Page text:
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Avoid diabetes during pregnancy

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According to a recent study, women with gestational diabetes mellitus (GDM) - a type of diabetes that starts during pregnancy - often develop full-blown diabetes after giving birth

According to a recent study, women with gestational diabetes mellitus (GDM) - a type of diabetes that starts during pregnancy - often develop full-blown diabetes after giving birth. This appears to be related to excess weight gain during pregnancy.

Gestational diabetes occurs in nearly seven percent of pregnancies and usually begins in the fifth or sixth month. Although it normally goes away after delivery, GDM can be unhealthy for the baby as well as the mother. The baby is more at risk of developing type 2 diabetes or being obese later in life, and because babies born to mothers with GDM tend to be larger than average, they are more likely to have to be delivered by Caesarean section, which has risks of its own.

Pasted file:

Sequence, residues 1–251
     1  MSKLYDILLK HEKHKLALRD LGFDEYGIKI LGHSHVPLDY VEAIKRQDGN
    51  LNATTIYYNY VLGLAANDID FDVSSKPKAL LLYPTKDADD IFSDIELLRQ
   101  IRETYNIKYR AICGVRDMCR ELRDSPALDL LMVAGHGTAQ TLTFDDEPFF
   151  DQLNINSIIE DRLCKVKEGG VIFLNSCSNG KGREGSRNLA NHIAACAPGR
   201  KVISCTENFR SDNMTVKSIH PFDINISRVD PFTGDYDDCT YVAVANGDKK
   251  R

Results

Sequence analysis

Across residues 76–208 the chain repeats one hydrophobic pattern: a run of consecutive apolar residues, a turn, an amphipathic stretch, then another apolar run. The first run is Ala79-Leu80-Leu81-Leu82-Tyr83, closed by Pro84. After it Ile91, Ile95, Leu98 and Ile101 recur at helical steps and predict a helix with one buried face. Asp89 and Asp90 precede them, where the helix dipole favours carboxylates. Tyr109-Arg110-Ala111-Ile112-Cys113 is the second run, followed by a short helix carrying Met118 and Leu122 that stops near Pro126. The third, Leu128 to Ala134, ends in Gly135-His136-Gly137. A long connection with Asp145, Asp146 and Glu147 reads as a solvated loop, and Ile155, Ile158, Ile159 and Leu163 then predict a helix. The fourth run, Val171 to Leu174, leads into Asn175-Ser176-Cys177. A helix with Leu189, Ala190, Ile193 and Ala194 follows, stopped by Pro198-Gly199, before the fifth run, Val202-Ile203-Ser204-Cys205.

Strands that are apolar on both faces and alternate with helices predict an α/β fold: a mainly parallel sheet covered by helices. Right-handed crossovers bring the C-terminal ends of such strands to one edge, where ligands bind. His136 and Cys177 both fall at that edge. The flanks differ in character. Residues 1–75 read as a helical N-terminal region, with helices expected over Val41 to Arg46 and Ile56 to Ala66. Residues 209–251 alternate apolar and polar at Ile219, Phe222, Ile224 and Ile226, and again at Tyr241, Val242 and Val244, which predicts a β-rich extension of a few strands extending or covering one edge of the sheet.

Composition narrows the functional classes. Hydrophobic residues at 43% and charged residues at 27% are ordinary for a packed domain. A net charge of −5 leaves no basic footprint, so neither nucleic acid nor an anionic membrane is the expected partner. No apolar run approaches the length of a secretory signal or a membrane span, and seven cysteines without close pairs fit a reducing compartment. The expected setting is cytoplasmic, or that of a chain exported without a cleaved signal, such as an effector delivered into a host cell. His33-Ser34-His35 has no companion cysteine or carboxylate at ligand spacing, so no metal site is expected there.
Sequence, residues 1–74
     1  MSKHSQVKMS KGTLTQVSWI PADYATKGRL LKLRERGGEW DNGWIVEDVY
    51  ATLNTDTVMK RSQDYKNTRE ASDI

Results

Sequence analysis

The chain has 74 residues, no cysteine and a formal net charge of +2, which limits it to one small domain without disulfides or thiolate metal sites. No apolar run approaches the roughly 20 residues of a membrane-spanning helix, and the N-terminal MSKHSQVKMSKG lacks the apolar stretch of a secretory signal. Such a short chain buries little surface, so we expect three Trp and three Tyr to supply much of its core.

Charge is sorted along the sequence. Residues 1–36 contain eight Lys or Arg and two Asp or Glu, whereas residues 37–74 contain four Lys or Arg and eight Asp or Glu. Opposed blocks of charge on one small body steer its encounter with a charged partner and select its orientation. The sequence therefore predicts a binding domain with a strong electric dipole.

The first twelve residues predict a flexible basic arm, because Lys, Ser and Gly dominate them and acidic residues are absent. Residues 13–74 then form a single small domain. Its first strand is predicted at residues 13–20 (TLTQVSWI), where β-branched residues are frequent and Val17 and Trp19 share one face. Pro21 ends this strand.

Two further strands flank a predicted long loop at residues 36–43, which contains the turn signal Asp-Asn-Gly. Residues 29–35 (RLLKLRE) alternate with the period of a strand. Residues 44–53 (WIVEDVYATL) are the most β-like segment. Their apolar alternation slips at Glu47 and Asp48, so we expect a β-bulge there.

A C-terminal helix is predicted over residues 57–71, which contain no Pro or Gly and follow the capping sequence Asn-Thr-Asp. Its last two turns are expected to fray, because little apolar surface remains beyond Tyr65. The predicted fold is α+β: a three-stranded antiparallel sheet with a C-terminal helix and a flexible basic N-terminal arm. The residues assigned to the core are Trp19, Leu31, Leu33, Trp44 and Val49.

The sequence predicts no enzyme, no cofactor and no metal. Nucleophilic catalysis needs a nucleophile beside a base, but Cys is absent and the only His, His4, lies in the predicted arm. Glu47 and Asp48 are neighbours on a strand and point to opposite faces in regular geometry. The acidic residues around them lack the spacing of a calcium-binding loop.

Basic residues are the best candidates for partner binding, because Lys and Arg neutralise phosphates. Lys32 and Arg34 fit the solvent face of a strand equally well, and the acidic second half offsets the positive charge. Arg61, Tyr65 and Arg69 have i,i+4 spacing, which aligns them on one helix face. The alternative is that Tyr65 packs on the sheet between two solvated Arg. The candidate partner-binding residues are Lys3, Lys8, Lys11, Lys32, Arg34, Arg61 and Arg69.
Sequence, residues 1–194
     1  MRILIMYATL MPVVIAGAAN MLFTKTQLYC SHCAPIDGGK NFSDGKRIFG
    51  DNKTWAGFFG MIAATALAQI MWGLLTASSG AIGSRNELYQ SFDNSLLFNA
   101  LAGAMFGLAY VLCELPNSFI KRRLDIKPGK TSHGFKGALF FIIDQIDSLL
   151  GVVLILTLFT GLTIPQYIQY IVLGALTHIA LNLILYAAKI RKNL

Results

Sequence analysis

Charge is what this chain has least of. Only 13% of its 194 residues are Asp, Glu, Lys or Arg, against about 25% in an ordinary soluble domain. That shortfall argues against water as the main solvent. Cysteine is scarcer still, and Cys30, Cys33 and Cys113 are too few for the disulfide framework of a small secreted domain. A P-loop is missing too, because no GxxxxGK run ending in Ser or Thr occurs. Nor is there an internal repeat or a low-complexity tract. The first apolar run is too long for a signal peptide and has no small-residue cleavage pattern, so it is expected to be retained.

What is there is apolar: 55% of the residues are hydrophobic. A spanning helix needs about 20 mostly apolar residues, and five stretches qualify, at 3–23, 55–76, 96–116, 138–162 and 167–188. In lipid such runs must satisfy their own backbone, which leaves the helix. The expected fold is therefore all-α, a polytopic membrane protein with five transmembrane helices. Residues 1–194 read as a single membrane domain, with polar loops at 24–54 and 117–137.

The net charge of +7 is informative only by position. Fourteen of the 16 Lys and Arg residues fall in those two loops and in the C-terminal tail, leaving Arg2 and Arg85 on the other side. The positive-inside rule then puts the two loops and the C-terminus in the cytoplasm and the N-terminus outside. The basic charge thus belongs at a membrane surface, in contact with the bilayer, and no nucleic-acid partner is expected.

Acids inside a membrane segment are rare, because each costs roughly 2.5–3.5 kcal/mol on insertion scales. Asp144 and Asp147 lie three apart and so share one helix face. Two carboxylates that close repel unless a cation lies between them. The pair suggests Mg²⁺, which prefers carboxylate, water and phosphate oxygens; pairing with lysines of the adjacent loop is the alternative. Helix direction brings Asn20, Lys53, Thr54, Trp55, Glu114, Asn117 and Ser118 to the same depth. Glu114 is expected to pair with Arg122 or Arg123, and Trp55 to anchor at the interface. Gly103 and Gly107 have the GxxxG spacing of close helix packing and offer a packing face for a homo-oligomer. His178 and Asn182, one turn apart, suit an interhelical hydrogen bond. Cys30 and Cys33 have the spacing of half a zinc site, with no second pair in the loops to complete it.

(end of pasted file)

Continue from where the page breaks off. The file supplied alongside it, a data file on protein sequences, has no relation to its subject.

Because women with GDM have a higher risk for diabetes in their next pregnancy and a 40-percent greater chance of developing type 2 diabetes later in life, prevention is key. To maintain a healthy weight and keep blood-sugar levels normal, it is essential for women before, during, and after pregnancy to have a healthy lifestyle. A well-balanced, healthy diet, low in simple sugars found in refined grains, cookies, and sweets, is a must, along with regular exercise at a level during pregnancy that is safe for both mother and baby.

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